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JNJ Warns Doctors to Stop Using Hip Implant




According to a report by Bloomberg, Johnson & Johnson (JNJ) has alerted doctors outside the United States to stop using the company’s Adept hip implant after a failure rate that was higher than expected. This comes in the wake of ongoing controversy surrounding metal-on-metal hips industry wide. JNJ’s orthopedics unit DePuy Orthopoedics recalled its all-metal ASR XL Acetabular hips in 2010, and just recalled the Adept hips last month. The company’s Pinnacle hip is still on the market, and looks like a sitting duck in light of the general distrust felt of metal hips. All-metal hips have been found to leave metal deposits in patient blood streams and, allegedly, in soft tissue surrounding the ball joints.

A United Kingdom database showed that 12 percent of Adept patients needed revision surgery to fix the implant, which hasn’t been sold since 2011, company officials said in a statement. JNJ sold about 7,500 Adept components in 21 countries outside of the United States between 2004 and 2011, according to Reuters, and data showed an increasingly common device failure rate.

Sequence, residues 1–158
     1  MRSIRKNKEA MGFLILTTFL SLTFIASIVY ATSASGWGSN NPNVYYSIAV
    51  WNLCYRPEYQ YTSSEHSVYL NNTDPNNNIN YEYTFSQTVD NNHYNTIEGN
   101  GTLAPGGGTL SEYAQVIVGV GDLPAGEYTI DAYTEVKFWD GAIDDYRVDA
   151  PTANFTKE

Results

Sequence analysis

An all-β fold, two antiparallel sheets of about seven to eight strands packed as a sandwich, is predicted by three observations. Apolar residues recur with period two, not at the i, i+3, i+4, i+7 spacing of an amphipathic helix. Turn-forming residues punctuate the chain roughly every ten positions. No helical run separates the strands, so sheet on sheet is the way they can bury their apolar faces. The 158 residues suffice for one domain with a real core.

The 2010 recall affected 93,000 ASR units, and JNJ faces 10,000 lawsuits that have just started to enter proceedings. Plaintiffs claim that the implant caused pain, immobilization, infections, bone fractures, and high levels of cobalt and chromium deposits from device wear.

JNJ acquired the Adept implant in 2009 from U.K. device maker Finsbury Orthopaedics Ltd. JNJ company officials said patients who received the Adept devices should be monitored according to local standards of care.

DePuy Orthopaedics Inc. is based in Warsaw, Ind., and was purchased by JNJ in 1998.